This was a major demonstration project in which professional nurses were invited to play the leading role; here was an unprecedented opportunity for nursing to influence a major segment of the healthcare delivery system. The challenge was accepted by 53 schools of nursing who responded to the call for proposals. From these responses, 11 schools were awarded grants to establish Teaching Nursing Homes. The main objective of the Teaching Nursing Home Projects was to bring the expertise of nursing faculty into long-term care institutions and improve the quality of care for the million and a half elderly who resided in the nation's nursing homes.

Historically, few nursing faculty have been involved in the care of nursing home residents. The nursing home was not used as a clinical teaching site for graduate or undergraduate nursing students. The understaffed nursing services both in numbers and preparation led to a perception of inadequate role models and unacceptable nursing care. Faculty frustration with the multiple impediments to improving the quality of care of the nursing home resident led to non-involvement with and under-utilization of the nursing home setting by academic nurses. Another reason for the under-utilization of the nursing home as a clinical teaching site was the perception of the learner; the student viewed nursing homes as unattractive and undesirable clinical assignments. Certainly, a portion of this perception was a reflection of prevailing societal views, as well as faculty attitudes, but the low incidence of advanced technology and the low pay of nursing home nurses also did not escape the notice of students. A nursing career in a nursing home was not an attractive choice.

Could nurse educators and nursing service practitioners collaborate in an effective, practical way to achieve better nursing care? It was the belief and hope of persons who participated in the leaching Nursing Home Projects (TNHP) that through collaboration, faculty attitudes could be changed, learning opportunities in the nursing home setting could be improved, and educational opportunities for nursing home staff could be enhanced. Margretta Styles once suggested that "collaboration sometimes remains more a theoretical idea than a tangible objective" (Styles, 1985). Indeed, collaboration among school of nursing faculty and nursing home staff was a theoretical idea in 1982. However, it became a tangible objective and a realistic outcome in at least one TNHP site. This is a report of the model that was developed by The Catholic University of America, Washington, D.C. and Carroll Manor Nursing Home in Hyattsville, Maryland (CUA/CM). The process by which collaboration was achieved and by which the TNHP was implemented at this site is an interesting and unique story.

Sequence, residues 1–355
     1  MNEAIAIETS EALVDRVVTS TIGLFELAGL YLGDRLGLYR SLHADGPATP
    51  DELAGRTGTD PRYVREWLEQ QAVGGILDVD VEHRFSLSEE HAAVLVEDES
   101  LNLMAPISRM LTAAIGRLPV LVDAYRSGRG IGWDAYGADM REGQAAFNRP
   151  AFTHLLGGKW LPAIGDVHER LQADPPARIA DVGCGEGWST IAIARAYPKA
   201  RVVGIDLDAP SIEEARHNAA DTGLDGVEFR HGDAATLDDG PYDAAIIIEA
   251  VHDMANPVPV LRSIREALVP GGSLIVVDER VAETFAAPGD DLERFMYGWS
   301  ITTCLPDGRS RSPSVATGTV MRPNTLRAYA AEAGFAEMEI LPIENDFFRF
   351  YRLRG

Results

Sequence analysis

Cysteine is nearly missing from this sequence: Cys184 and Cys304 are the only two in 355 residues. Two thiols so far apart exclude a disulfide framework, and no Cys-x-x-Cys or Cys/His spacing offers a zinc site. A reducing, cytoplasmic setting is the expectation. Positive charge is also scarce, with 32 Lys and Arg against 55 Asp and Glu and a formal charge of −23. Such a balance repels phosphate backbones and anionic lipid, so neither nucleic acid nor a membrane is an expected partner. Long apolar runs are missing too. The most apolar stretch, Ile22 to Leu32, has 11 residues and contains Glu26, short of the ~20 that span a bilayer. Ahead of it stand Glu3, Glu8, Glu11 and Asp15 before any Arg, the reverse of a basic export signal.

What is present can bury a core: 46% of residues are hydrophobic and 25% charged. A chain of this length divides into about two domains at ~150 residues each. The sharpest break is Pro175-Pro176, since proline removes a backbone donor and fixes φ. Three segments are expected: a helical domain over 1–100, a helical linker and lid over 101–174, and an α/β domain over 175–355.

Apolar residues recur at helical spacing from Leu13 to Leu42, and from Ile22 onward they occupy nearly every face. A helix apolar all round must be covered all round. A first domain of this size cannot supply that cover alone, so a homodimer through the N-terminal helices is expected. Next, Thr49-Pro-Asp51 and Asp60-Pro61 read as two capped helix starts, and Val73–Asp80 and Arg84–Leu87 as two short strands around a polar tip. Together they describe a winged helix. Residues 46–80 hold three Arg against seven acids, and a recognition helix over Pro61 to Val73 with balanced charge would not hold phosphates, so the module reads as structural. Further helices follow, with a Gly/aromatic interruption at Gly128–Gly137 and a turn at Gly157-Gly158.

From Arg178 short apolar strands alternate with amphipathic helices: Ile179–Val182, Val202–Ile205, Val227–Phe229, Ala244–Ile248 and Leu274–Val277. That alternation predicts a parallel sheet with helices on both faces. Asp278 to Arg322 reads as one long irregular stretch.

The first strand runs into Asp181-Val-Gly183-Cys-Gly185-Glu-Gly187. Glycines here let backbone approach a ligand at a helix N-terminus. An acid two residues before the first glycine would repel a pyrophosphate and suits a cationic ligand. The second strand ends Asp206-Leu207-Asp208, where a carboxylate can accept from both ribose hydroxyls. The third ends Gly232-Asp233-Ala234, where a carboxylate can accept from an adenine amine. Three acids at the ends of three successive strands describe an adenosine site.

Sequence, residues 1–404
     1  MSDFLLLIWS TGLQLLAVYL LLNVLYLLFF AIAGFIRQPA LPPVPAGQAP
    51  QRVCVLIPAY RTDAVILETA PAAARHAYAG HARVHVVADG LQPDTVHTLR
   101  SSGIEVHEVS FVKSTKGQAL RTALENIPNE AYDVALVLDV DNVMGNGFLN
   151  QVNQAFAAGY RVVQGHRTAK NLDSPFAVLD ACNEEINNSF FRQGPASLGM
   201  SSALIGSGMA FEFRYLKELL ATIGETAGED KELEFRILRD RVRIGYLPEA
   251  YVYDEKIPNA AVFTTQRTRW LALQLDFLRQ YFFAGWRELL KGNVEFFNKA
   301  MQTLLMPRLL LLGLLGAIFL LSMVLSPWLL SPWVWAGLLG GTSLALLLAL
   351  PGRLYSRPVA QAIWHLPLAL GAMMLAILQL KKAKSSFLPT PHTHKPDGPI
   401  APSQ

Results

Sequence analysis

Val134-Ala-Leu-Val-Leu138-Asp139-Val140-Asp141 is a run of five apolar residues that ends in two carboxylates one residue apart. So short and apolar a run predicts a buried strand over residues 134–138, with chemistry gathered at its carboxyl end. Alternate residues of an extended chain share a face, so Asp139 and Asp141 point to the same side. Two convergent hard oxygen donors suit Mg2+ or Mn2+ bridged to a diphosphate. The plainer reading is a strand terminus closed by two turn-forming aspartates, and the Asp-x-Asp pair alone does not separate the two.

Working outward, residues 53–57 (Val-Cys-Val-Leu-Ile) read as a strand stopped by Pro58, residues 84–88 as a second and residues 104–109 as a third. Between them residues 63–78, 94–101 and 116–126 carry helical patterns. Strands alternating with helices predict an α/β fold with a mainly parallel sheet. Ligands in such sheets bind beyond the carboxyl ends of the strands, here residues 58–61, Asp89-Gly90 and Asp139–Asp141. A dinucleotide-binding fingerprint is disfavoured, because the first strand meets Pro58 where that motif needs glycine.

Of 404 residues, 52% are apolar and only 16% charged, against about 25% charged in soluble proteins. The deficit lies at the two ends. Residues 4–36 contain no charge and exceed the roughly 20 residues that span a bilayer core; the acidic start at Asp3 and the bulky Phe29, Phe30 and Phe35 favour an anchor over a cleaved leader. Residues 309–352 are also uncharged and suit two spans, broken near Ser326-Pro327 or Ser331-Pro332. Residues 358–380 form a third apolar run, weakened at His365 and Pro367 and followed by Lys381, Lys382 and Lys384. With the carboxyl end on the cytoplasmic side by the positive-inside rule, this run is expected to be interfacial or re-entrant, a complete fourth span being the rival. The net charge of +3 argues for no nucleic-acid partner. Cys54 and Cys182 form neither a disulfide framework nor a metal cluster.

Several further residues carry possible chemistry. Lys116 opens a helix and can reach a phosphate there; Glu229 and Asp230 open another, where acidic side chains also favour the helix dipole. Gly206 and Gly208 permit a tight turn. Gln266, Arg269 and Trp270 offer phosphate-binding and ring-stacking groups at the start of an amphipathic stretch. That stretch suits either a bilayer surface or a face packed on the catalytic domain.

At the outset, the following objectives were identified for the CUA/CM Project:

1. to improve the quality of care to nursing home residents;

2. to model a church-related affiliation (both institutions were under Catholic auspices);

3. to define new nursing career pathways and job opportunities for nurses interested in gerontological nursing; and

4. to develop a model of gerontological nursing practice and to promulgate the model via nursing education.

Essentials

What were the essential components which formed the foundation for such collaboration? Members of the CUA/CM project identified four: the people, an agreement, a commitment, and knowledge.

THE PEOPLE- The single most important component of this successful model of the TNHP was the people who were involved at three levels of participation: indirect, direct, and consultative. The indirect level consisted of administrators, decision-makers, and policy setters who brought special knowledge and expertise for an overall perspective of the parent institutions. The major functions of the administrative levels were to sustain the collaborative linkage and to interpret the primary mission of the respective institutions. Sustaining the linkage took considerable effort because of the difference in primary mission of the collaborating institutions. In the case of the university, the primary mission was education and research with nursing service as a secondary goal; the nursing home had patient care and nursing service as its primary mission with education and research being secondary.